Jim Carrey is fully correct to say that suffering leads to salvation — indeed he undersold his case. It is also inspiring to see so many ex-cons and former gang members listen to and embrace this teaching. Forgiveness is never easy, especially amidst suffering, and these people have suffered a great deal.

While Carrey was spot on about suffering, forgiveness, and grace, he also deviated from orthodox Christianity in later remarks. He praised the practice of meditation, encouraging people to turn off the thoughts in their heads. Even more notably, however, he took an extreme position on the omnipresence of God which flirted with heresy.

“They talk about omnipresence in church,” Carrey noted. “What it means is every cell of your body is God. Everything is God, everything is divine. You are the heart of God, you are the eyes of God. When you speak from that place, you are God’s voice.”

“When you make a loaf of bread in this kitchen, that is a Eucharist,” the actor declared. “That is the body of Christ, you know.”

These words were astonishing, especially from a man who was raised Roman Catholic. Catholics believe that Jesus’ body is literally present in the Eucharist (or “Holy Communion” or “Lord’s Supper”), that the bread and wine become the body and blood of Jesus in a miracle called “transubstantiation.” But Catholics also believe that this only happens when the elements are blessed by a priest and presented to God — not just whenever bread is baked.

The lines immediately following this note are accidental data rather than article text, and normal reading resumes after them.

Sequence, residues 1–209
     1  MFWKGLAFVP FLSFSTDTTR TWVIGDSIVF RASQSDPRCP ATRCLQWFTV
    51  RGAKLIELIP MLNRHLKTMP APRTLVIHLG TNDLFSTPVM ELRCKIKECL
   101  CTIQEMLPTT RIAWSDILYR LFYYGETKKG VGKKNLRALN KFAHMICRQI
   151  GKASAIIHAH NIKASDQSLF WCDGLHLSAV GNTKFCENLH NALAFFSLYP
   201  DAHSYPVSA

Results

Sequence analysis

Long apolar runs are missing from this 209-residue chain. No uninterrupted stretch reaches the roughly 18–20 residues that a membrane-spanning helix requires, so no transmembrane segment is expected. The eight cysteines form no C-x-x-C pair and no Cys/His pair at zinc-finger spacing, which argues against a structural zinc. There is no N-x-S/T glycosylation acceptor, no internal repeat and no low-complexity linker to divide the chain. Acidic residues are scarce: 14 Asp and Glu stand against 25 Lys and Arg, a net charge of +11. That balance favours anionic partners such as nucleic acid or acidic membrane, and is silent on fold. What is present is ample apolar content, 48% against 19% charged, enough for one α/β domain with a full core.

(The Catholic position is important, as Homeboy Industries is led by the Reverend Gregory J. Boyle, a Jesuit Catholic priest who introduced Carrey and emphatically agreed with him at the event.)

Furthermore, the omnipresence of God means that God undergirds all things. “In him we live, and move, and have our being,” Paul wrote in Acts 17:28. But this does not mean “everything is God.” That would be pantheism, not Christianity. Christianity holds that there is a fundamental difference between creature and Creator, and that it was a mysterious miracle for God to take on flesh and become Jesus Christ. This would not be remarkable at all if everything were already God.

Despite these statements, Carrey’s message of redemption was inspiring, and it is heartening to see a well-known actor declare such deep theological truth.